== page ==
Harsh Times: Tricks Bhang Traffickers Use to Beat Police

A road block in Nairobi
Police erect a roadblock on a road in Nairobi on June 2019.

In these harsh economic times, several Kenyans ingeniously crafted new tricks to conceal and transport bhang. 

Cannabis which has an array of street names such as Bhang, Pot, Weed, Shash, The Herb, and Kindukulu, among many others, is prohibited in Kenya. 

However, lawmakers have, in the recent past, joined the clamour to have the drug legalised. 

Due to its high demand, police and the National Authority for the Campaign Against Alcohol and Drug Abuse (NACADA) listed it as one of the most abused drug in the country. 

The water lorry and bhang that was retrieved from it in Marsabit
The water lorry and bhang that was retrieved from it in Marsabit
K24 Digital

Police crackdowns on highways and raids in warehouses and residential areas detailed crafty ways smugglers use to peddle the drugs. 

Daring smugglers are not afraid to traverse through different entry points in public and private means of transport such as buses, motorcycles (boda bodas), Tuktuks and even animal-driven carts.

Some get past security checkpoints, but the majority usually get nabbed by law enforcers

The Buibui Clad

In June 2019, two women were arrested with four kilograms of bhang in Marsabit on a Nairobi-bound bus.

According to police reports, the women had wrapped the bhang around their bodies underneath their Buibuis. 

The Hidden Tyre Trick

In 2019 police in Samburu intercepted bhang worth Ksh8 million in a lorry that had developed mechanical problems at Kirimon.

Three weeks before this seizure, police in Marsabit had seized five Kilograms of bhang hidden in the tyres of a car travelling from Moyale.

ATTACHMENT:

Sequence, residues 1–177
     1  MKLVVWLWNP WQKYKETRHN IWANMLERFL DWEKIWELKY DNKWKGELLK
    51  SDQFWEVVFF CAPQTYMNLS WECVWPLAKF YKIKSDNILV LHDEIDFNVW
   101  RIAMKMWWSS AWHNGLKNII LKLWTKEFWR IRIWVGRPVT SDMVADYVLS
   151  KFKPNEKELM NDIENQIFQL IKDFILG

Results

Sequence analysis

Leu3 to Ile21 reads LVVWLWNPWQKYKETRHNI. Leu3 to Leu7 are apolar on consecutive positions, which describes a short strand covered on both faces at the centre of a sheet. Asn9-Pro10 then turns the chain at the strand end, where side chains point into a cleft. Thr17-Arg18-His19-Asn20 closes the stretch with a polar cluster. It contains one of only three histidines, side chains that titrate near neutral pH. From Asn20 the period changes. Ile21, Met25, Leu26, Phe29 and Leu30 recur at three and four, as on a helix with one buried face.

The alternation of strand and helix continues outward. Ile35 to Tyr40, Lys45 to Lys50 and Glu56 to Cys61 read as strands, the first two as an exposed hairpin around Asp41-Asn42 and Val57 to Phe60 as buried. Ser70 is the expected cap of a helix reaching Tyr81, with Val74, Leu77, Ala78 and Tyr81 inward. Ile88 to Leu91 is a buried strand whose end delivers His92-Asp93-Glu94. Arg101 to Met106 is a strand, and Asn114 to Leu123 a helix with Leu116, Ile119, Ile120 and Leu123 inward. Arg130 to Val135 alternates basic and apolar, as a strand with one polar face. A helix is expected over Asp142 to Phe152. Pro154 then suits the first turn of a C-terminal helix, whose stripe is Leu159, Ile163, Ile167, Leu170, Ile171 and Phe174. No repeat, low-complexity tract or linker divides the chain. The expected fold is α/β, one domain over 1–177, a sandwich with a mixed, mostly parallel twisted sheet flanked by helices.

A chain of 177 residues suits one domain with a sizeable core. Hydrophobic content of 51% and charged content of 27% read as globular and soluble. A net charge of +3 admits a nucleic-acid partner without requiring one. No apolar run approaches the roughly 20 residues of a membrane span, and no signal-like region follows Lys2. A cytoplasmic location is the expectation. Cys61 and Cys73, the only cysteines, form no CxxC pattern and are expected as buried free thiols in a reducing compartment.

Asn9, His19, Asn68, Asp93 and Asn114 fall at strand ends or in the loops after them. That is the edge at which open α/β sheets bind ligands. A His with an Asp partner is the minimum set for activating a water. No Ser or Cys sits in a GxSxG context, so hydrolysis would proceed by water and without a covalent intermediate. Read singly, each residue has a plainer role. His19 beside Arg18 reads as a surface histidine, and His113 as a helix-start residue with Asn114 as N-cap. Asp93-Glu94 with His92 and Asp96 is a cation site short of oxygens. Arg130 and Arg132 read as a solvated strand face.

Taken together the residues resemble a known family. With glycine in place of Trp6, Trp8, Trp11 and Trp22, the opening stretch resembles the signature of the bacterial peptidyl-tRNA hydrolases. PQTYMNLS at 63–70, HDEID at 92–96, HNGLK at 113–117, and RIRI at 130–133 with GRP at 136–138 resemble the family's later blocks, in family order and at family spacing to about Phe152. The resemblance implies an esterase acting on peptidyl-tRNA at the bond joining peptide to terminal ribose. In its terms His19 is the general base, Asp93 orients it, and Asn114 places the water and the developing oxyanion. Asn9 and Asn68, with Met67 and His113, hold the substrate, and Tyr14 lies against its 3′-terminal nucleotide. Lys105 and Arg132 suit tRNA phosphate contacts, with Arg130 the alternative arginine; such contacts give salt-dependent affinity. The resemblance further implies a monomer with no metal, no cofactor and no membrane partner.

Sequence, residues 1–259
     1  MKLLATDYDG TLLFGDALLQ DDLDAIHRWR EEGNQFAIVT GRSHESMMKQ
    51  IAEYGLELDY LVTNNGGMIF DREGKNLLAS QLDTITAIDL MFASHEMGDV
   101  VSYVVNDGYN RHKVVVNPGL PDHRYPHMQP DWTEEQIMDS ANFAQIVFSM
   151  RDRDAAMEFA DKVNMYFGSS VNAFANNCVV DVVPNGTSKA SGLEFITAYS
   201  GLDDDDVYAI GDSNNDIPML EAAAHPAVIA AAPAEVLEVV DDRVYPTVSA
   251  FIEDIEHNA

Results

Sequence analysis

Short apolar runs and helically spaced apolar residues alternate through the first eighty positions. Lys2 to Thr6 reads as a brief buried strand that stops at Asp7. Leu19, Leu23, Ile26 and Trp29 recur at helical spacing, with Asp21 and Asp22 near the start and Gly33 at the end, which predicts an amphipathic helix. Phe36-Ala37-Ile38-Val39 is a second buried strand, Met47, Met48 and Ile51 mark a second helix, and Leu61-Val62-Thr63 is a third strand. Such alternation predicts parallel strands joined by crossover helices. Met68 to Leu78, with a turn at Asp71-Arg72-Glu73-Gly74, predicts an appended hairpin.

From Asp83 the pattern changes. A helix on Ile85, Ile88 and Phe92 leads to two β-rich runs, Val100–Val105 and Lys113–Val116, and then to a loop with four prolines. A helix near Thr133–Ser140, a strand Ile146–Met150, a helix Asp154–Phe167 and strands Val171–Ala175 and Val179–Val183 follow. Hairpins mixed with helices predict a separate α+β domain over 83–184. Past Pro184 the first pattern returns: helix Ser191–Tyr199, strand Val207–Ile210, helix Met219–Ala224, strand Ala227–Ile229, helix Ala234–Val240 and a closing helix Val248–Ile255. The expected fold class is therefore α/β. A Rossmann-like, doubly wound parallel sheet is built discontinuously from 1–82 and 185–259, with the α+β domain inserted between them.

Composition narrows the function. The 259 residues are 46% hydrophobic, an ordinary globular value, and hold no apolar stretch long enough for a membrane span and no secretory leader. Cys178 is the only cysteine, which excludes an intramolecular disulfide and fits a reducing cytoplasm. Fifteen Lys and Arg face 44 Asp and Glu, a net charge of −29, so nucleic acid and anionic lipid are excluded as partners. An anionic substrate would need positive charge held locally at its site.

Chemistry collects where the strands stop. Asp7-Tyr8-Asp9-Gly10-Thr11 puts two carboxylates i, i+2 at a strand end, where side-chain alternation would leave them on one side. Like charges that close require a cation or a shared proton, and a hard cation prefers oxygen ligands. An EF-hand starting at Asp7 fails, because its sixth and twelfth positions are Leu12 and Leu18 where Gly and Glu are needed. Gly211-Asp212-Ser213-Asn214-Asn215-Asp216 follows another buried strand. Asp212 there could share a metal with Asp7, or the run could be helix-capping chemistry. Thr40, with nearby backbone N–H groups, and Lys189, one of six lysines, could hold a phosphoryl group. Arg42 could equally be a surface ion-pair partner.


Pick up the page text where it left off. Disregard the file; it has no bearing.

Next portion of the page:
Gas cylinders

As hard as it is to believe, traffickers will jump through hoops to ensure their plans sail through.

Bhang is sometimes stashed inside gas cylinders which are cut and later welded for transport to various destinations.

This unusual trick may sometimes evade police surveillance at roadblocks.

Second-hand clothes

In March 2019, detectives arrested a man with 56 bales of bhang, packed and made to look like second-hand clothes bales. The 'mitumba' loads weighed 466 Kilograms.

A police officer analyses the net worth of bhang seized in Nairobi in 2020

Fuel/Water tankers

A lorry driver was once arrested after he was found transporting 135 bales of bhang from Ethiopia. According to DCI, the narcotics were hidden inside the fuel tank.

The suspect confessed to police, revealing that the law enforcers rarely stop tankers, especially those transporting petrol.

Lawbreakers use such windows to hide their bhang inside the empty tanks.

In the past, fuel and water tankers transporting bhang worth millions were seized by officers attached to various police stations in Nairobi County.

Spare wheels

Seasoned smugglers hide rolls of bhang in vehicle spare wheels or create additional compartments underneath. 

Cement bags

Two men, in February 2022, were intercepted and apprehended in Wajir County for ferrying a consignment of bhang worth Ksh21 million encased in cement bags and transported in a cement-branded lorry.

The duo was sentenced to 50 years behind bars with an alternative of a Ksh63 million fine. 

Under rear seats

A man was arrested in June 2022 hiding a concealed stash of bhang worth Ksh2 million under the rear seats of the vehicle's compartment. 


A new trend has emerged where people transport bhang in food and baked confectionery such as cakes, cookies, muffins and biscuits.

The snacks cost between Ksh100-Ksh200 per piece.

Kenya’s Narcotic Drugs and Psychotropic Substances (Control) Act states, ' Any person who has in his possession any narcotic drug or psychotropic substance shall be guilty of an offence.'

MPs also proposed a Ksh250,000 to Ksh1 million fine for bhang traffickers. 

Police Officers Uprooting Bhang
Police Officers Uprooting Bhang
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